Thursday, May 7, 2015

Nicolas Poussin's “Miracle de saint François Xavier” at the Louvre

THE BROOKLYN RAIL
By David Carrier
Nicolas Poussin, “Miracle de saint François Xavier” (1641). Oil on canvas, 174 2/3 × 92 1/6˝. © Musée du Louvre.
Normally an exhibition review focuses on the art on display, but it is impossible to understand Poussin et Dieu without knowing about the long history of diverse champions Poussin has attracted. At the entrance to the show, immediately after Poussin’s “Self-Portrait” (1649 – 50), is the large “The Miracle of St. François Xavier”(1641), often dismissed as a marginal clerical commission. If the show’s theme is Poussin and God, then why have these pictures been included in the exhibition? And why are the paintings shown out of chronological order? [link]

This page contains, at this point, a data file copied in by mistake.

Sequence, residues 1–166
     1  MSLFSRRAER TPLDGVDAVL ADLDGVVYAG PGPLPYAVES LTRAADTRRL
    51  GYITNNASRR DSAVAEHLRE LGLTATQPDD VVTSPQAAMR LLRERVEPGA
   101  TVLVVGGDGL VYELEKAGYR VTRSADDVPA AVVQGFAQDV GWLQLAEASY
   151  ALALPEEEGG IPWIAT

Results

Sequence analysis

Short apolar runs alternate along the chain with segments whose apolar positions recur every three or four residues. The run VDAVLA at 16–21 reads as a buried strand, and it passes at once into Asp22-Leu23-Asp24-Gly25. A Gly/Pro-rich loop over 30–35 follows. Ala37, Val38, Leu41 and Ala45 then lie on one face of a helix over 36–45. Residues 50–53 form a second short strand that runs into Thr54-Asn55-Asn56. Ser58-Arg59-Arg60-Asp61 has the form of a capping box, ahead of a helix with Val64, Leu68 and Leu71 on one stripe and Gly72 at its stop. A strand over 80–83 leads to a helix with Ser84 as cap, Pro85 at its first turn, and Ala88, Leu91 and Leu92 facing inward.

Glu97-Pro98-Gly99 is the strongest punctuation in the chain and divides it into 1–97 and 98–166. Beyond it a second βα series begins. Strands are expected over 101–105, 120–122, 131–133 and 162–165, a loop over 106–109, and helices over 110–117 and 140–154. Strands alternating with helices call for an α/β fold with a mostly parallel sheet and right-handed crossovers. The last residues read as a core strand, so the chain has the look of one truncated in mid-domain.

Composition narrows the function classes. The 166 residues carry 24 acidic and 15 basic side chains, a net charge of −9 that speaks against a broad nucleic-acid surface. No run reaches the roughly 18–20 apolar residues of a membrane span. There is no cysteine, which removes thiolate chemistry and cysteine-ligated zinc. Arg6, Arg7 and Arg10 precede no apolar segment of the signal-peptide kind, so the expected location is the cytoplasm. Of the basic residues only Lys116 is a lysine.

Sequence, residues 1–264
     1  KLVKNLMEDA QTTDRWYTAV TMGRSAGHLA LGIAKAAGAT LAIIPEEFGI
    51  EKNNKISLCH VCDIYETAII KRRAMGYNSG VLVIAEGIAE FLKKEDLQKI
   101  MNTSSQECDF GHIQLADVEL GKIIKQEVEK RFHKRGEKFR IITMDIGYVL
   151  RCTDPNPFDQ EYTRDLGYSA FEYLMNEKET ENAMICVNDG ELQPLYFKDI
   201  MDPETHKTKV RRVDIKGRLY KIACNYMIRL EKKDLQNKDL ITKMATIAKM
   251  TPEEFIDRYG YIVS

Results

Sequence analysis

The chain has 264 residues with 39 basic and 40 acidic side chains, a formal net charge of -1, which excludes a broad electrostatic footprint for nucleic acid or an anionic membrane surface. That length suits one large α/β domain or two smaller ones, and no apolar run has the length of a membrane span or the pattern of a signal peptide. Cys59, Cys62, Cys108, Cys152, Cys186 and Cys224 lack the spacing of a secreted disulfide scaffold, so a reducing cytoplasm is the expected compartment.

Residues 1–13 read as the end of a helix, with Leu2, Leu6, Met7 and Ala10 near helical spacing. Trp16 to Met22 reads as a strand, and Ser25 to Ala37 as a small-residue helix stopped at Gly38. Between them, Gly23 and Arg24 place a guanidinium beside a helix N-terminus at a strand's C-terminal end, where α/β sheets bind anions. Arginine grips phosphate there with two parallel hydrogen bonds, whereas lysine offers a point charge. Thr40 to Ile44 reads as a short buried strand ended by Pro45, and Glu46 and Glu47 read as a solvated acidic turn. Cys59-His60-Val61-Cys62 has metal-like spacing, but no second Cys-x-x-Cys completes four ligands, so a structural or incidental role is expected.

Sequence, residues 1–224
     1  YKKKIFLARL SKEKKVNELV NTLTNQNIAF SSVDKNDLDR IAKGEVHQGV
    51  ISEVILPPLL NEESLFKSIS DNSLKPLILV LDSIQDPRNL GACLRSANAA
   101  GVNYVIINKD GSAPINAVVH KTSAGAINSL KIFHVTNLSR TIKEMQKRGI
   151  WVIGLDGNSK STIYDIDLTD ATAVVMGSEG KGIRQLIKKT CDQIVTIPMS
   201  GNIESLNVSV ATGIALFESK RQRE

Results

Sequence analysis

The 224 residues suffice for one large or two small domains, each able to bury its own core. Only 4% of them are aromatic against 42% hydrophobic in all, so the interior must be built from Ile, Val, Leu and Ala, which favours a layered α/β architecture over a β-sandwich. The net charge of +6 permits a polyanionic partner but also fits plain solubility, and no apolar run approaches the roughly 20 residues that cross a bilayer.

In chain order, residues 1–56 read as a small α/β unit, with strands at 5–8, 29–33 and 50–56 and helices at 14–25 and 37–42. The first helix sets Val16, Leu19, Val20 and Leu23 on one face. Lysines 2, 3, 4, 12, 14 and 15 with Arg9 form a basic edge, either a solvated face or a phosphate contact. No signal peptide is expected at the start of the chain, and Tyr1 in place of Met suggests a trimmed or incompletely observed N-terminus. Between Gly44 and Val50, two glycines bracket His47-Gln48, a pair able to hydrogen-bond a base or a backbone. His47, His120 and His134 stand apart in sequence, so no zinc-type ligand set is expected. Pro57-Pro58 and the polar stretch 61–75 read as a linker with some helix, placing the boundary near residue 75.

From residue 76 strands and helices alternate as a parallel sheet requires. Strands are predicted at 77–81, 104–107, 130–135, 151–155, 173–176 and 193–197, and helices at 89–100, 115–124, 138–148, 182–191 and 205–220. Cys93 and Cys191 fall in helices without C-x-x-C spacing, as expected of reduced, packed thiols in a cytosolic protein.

Musée du Louvre: "Poussin et Dieu," Paris | April 2 – June 29, 2015